Going to the dentist can be scary for a child. Even a routine teeth cleaning can seem like a tooth extraction if a child is already apprehensive about having someone tooling around in his or her mouth. Add in the layers of personal protective equipment that are now required of those working in any business or essential service, and a simple trip to the dentist can seem even scarier. This is why it is important to let your children know that though things may look different, and maybe even a little strange, there is no need to be scared.

 

Getting used to the new norm of wearing masks and face shields will take time for us adults, but imagine being a child and observing such a drastic change in our world. Even with detailed explanations of what is happening, it is still off-putting for a child to communicate, or even get close to, someone whose face is partially covered. Getting your kid to sit still in the dentist’s chair just got harder, but there are ways to get your young ones to understand that everything is going to be okay.

 

Show, Don’t Tell

Trying to explain to your child what he’s about to walk into before a trip to the dentist will surely scare him, no matter how nicely you try and say it. Chances are, children will hear something like this: “Someone with a face mask and shield and gown is going to stick sharp, metal objects in your mouth,” even if you literally say something like this: “The dentist will have a face covering and gown, but he is not scary and he won’t hurt you.”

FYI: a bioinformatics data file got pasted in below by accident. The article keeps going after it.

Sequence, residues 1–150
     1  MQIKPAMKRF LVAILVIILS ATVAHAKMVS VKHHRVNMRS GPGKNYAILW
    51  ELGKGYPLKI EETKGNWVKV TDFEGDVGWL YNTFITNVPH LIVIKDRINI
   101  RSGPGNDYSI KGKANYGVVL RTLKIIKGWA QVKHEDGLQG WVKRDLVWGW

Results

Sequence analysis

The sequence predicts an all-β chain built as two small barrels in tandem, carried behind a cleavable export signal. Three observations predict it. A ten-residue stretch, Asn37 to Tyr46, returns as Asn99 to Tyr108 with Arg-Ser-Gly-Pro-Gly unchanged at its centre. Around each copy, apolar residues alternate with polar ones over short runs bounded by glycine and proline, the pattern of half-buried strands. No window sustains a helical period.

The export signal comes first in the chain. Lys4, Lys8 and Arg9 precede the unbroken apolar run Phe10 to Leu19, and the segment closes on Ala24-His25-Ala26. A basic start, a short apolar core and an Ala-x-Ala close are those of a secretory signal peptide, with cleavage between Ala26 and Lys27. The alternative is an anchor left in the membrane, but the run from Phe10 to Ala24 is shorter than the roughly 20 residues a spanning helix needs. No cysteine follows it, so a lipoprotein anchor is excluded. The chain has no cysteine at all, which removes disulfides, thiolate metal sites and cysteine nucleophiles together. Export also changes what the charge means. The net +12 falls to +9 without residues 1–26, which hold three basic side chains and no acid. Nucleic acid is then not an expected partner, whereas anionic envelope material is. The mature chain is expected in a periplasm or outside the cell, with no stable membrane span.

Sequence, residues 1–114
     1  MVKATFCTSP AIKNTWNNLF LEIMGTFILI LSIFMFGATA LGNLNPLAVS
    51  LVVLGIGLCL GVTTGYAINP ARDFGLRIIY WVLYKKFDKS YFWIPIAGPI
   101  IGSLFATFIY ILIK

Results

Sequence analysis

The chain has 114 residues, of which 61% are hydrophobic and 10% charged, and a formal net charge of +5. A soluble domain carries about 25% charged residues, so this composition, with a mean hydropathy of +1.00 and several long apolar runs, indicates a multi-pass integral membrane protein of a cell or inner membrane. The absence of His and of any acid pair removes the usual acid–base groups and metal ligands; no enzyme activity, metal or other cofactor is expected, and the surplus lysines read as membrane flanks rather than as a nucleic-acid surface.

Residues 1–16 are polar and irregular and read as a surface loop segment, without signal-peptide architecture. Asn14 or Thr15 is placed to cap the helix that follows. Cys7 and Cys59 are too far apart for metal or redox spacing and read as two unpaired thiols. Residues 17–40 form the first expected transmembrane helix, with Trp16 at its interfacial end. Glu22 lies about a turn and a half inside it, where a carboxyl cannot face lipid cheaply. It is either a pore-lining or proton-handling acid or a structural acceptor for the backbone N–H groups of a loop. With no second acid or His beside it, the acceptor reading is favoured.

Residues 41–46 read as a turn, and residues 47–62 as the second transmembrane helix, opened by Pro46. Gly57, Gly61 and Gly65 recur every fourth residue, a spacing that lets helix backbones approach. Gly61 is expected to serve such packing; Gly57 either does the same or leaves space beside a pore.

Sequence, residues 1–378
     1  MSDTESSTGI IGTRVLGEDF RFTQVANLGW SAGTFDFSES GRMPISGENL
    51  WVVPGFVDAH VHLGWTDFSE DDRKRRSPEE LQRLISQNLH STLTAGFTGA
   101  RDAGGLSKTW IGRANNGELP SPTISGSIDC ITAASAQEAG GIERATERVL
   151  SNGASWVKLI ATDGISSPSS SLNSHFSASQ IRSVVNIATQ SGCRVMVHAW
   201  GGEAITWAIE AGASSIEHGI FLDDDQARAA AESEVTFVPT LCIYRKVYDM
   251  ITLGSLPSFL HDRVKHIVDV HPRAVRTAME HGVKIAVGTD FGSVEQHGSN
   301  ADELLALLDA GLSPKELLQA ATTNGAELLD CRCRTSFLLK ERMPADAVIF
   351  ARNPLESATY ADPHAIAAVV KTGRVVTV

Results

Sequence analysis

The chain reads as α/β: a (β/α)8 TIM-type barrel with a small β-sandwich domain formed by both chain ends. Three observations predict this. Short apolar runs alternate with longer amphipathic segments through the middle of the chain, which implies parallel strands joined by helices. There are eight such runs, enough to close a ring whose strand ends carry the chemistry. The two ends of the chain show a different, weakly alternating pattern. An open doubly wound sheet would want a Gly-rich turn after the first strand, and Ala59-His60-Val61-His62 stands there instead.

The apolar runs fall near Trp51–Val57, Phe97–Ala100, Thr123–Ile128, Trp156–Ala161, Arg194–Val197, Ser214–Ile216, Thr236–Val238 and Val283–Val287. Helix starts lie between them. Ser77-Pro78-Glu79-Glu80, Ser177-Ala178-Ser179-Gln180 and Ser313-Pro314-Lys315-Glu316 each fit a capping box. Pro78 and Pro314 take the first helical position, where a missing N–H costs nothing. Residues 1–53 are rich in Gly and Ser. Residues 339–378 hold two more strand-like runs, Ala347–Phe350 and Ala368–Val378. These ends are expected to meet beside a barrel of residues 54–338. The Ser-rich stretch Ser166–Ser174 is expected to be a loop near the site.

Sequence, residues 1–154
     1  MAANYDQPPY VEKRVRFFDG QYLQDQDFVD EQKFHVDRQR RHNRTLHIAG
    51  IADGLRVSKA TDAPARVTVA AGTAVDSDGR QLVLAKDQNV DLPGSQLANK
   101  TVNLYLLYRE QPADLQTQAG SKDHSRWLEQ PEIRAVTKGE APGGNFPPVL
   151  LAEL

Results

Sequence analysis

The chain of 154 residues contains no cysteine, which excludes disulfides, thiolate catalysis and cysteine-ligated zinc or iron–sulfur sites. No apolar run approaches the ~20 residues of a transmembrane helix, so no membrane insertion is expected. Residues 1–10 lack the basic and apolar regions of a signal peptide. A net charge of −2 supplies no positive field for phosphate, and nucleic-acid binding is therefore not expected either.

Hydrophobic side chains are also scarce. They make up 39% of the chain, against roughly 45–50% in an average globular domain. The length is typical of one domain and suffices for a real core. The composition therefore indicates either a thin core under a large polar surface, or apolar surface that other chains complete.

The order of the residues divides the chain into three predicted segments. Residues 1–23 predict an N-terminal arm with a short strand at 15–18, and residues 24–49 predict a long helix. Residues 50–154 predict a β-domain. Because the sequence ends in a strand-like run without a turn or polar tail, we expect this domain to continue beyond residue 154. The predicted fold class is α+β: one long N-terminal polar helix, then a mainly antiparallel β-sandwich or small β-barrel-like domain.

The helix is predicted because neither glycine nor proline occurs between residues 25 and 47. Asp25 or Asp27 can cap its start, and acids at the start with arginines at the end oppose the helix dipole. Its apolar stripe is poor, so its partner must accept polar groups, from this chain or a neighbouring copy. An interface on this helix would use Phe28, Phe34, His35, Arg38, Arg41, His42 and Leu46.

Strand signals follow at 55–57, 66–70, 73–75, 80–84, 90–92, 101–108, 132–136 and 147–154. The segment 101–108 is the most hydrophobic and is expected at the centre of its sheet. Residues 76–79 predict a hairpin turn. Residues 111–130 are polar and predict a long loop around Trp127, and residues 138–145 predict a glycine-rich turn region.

Instead of starting with an explanation, try to show what the experience will be like as much as possible. Put on your mask (and shield if you have one) and have your child sit in a chair like he or she would during a visit to the dentist. With your mask still on, mimic the movements of a teeth cleaning, maybe even get a toothbrush and brush your child’s teeth.

Try and make it fun, but also mention that this is what it will be like going to see the real dentist. Let your child ask questions and keep the conversation open—you know that little mind will be thinking about this for much longer.

 

There’s a Person Under That Mask

Before making the trip to see the dentist, pull up a picture of the entire dental team and show your child. Explain that even though their faces will be mostly covered while you are there, this is what they actually look like. Along with your child, take special note of the hair and eye color of each individual. Since these two aspects will be visible during the appointment, your child should be able to recognize who is hovering over him or her.

It is also important to encourage your child to talk to and ask questions of the staff. Anything that can be done to highlight the fact that it’s a real person beneath the personal protective equipment is helpful—and you can definitely count on the dental staff to engage in conversation as much as possible, so you are not completely alone in your quest to normalize a trip to the dentist.